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I had this book for a semester in my humanities class and it was tough. this book has so much information, trying to retain more than a couple of pages gets overwhelming. The concepts of human behavior, various cultures and incredibly detailed analyses on shipwrecks were honestly fairly fascinating to learn about, but having to know the mundane details of what sort of culture likes to hook up with each other really ruined enjoying this otherwise fine good quality book. Also, i barely read so that should say enough. alright book, would not take test again.
5.0 out of 5 starsNatural Humanism, why we are basically good.
Reviewed in the United Kingdom on November 30, 2019
This is a fascinating and important book. It sets out why human behaviour evolves towards more cooperation and order - it promotes survival. This explains clearly that morality is natural (and does not require any divine prompting). If everyone understood this fundamental point the world would get better faster. This, not by coincidence, is also the theme of the book.
Working in HR I found this book quite fascinating in its comparisons to the animal kingdom and findings relating to a blueprint for society. I like a bit of data, so seeing some of the research gives much food for thought.
5.0 out of 5 starsA deeply humane book that highlights our shared humanity in a world of great divisions
Reviewed in the United States on March 28, 2019
With lucid prose and wide-ranging knowledge on the human sciences, this book is a must-read for anyone who is curious about the origins of social groups and societies, as well as the common bonds that Christakis called "the social suite." This book is not only brilliant in its conception, but also sweeping in its scope. But most importantly, Christakis highlights our shared humanity that lies deep within the evolutionary process over centuries, despite our cultural and social differences. This unifying message is both timely and urgent, especially in this historical moment of great divisions and disparities in the United States and beyond.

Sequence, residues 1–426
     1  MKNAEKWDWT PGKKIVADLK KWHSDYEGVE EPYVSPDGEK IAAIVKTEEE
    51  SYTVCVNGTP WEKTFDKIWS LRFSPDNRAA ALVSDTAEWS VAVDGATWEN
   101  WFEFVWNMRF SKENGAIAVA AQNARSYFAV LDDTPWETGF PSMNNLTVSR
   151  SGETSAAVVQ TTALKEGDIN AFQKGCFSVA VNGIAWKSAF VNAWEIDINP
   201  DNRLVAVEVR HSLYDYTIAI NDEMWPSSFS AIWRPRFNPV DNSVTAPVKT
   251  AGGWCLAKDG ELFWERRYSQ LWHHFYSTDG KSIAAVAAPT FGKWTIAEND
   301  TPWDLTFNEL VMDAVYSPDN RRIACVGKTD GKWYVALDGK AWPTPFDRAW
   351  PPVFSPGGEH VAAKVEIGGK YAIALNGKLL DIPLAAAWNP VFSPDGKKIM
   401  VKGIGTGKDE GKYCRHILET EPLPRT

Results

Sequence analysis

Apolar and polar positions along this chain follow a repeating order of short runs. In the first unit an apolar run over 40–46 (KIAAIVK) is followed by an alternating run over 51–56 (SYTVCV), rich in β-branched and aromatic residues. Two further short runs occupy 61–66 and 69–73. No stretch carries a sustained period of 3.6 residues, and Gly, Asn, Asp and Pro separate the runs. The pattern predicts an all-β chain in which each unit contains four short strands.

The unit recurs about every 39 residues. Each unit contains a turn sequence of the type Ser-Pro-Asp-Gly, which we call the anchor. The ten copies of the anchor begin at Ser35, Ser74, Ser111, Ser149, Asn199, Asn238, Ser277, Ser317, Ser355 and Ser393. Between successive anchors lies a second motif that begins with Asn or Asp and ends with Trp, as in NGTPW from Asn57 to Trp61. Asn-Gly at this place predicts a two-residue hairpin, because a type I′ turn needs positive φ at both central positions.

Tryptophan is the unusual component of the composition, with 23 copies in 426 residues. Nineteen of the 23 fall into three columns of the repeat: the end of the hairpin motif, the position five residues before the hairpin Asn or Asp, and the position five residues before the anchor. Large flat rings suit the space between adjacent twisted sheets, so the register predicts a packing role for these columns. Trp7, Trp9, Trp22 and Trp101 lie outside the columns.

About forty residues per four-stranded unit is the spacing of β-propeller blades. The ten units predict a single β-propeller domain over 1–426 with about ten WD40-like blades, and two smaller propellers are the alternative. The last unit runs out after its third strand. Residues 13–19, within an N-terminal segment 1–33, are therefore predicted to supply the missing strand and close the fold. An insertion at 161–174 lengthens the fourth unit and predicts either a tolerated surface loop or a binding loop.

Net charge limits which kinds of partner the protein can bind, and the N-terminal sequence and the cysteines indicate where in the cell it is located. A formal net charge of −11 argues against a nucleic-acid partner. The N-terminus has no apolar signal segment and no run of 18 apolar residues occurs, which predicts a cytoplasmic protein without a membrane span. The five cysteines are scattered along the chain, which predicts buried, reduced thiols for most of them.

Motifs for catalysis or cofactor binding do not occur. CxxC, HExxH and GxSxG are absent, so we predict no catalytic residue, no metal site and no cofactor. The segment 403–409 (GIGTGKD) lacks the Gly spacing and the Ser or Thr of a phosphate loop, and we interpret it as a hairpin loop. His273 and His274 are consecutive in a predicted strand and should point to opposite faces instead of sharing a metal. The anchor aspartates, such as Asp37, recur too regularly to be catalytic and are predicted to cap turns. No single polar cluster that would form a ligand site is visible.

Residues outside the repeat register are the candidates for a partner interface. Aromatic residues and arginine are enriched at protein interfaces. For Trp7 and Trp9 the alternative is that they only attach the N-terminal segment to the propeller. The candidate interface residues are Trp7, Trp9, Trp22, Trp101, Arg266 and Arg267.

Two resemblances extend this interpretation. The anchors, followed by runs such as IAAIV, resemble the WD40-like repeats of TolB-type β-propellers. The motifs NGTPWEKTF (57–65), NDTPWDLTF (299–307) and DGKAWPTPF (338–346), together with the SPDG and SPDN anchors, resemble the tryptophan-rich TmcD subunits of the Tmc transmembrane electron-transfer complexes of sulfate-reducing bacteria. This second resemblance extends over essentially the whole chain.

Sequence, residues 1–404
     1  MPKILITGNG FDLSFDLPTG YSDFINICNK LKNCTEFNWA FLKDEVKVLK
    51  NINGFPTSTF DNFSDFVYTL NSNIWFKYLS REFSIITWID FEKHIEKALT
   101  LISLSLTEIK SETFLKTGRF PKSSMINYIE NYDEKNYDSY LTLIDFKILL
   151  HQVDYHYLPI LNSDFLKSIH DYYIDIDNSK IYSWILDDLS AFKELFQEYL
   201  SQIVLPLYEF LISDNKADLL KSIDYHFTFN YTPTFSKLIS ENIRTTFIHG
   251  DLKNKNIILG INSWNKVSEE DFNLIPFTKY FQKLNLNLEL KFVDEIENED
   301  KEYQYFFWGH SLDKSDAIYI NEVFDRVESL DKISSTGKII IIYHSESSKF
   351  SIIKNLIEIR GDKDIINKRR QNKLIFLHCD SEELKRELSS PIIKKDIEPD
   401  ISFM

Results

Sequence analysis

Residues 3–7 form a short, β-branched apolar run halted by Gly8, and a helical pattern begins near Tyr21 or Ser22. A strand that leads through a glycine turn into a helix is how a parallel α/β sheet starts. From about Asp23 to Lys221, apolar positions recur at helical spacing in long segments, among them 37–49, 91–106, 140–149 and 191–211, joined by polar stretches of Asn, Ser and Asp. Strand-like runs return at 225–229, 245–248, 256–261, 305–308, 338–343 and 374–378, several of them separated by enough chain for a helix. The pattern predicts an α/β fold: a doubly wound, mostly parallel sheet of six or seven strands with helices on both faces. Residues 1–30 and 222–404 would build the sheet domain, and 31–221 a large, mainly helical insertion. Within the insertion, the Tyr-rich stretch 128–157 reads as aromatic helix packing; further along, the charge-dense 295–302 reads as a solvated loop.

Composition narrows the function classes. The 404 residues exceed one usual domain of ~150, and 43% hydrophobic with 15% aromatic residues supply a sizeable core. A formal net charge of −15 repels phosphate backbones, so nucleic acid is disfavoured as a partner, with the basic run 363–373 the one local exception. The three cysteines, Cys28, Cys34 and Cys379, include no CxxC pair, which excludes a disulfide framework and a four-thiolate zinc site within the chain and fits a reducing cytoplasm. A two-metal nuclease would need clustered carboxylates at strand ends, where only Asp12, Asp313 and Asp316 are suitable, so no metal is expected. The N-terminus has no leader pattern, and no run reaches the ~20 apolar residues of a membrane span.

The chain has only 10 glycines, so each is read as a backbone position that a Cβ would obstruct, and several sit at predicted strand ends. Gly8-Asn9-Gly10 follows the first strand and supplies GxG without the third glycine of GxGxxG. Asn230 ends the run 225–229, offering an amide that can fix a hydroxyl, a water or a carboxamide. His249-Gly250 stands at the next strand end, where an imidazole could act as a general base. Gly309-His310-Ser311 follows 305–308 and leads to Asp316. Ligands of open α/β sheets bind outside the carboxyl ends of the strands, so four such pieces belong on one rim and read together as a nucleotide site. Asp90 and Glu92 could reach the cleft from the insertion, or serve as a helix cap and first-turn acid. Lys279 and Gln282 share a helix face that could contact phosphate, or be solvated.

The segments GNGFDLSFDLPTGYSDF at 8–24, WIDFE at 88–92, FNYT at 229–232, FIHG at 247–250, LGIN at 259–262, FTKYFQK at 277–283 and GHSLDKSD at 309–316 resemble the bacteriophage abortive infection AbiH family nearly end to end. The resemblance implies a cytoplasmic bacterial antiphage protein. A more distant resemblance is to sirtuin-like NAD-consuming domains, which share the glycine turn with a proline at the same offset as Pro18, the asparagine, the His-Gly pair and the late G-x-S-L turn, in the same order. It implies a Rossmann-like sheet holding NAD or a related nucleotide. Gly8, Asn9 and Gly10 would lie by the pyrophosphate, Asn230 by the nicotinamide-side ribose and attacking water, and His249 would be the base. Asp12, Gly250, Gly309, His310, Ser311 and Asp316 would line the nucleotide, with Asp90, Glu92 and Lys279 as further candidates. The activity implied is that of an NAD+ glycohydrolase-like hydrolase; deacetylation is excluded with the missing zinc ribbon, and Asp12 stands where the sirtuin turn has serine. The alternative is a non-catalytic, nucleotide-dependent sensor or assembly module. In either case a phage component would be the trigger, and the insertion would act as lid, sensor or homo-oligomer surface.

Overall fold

4.0 out of 5 starsFascinating? Yes! Convincing? Naaaah
Reviewed in the United States on July 12, 2019
Format: HardcoverVerified Purchase
Author Nicholas Christakis spells out the main claim of this book on page 397: “The social suite is founded on human evolutionary biology and is therefore a universal feature of our societies.” In other words, the way we behave versus one another, the structure of our society, is built-in and it’s gotten to where it is now through natural selection.
I read the whole thing, carefully, and my feeling is that “the jury’s out,” but I truly enjoyed this (epically discursive) exploration regardless.
The structure of the book is that the author does not get down to the business of laying out his argument straight away. You’re first taken on a number of “tours” where you get to observe behavioral traits of groups. The sundry tours include, among other things:
1. an enumeration of castaways from the nineteenth century: what binds these people is that they did not plan to form a “society”
2. a tour of utopian (American) experiments, who explicitly aimed to do so;
3. an attempt at describing a taxonomy of communities;
4. a full exploration of all the ways societies make their family arrangements (from Hazda foragers of Tanzania to the Na people in the Himalayas via the the Nuer of Sudan and the Tapirape people of Brazil)